RE: They will need to pry it...
By HoosierEngineer5 on 3/21/14, Rating: 0
RE: They will need to pry it...
By NicodemusMM on 3/21/2014 10:16:27 PM , Rating: 4
MS is a business, not a charity. What you're suggesting is the equivalent to suggesting that a vehicle manufacturer should issue free new cars to people that need airbags and modern metallurgical advancements, but are happy with two-point restraints and collapsible steering wheels. Derp.
(and it seems you want this as an upgrade to the old vehicle, not a replacement. Über-derp)

Please start a business and apply this policy. Once you're bankrupt you'll have a better understanding of both finances and reality.

RE: They will need to pry it...
By name99 on 3/22/2014 1:25:03 PM , Rating: 2
Yes, Microsoft is a business.
Which means that, if they want that business to CONTINUE, they need to look carefully at WTF they are doing.

Right now, they are trying to sell an OS that MANY people are unwilling to pay $0 for. That's not a great place to be in. The BEST (of a bunch of bad) moves going forward may well be to give out Home Win8 for free to limit the defection of their user base.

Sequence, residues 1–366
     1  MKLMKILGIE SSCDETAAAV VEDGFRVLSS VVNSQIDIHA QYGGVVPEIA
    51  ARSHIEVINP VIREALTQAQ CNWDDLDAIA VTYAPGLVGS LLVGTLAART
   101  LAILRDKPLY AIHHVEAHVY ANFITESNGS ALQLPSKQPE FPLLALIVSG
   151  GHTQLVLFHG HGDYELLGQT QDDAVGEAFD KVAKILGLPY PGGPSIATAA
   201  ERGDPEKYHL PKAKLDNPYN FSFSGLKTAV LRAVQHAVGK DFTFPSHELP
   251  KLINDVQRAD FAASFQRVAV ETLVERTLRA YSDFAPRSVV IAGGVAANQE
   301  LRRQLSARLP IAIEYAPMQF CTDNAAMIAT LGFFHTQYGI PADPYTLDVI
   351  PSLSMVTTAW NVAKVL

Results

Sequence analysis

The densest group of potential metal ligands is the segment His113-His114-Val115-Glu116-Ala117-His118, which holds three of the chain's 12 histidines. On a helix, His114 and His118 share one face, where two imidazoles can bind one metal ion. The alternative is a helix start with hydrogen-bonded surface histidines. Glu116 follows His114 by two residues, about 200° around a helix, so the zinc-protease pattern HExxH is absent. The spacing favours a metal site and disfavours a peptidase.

They can then try to offer Win9 for a price --- and this time make it something people are WILLING to pay for. Or they can define the bare (consumer) OS as free forever from now on and charge for the stuff that makes it useful to businesses. Or they can decide that they are in the services business and charge subscriptions for Office 365 etc.

But their current trajectory is the stupidest of all possible paths. They're building up a pool of people who are going to hate them forever for how the XP thing was handled; they're bungling the chance to keep those people as Windows users rather than (eventually, when they replace the PC) Chrome or Android users.
They're continuing to try to avoid reality, to party like it's 1995 and the business models of that age are still viable when everyone else has moved on.

Being a business means making decisions based on hard REALITY and the future; not based on some sort of weird moral principles like "People who haven't upgraded since XP don't deserve our shiny new OS".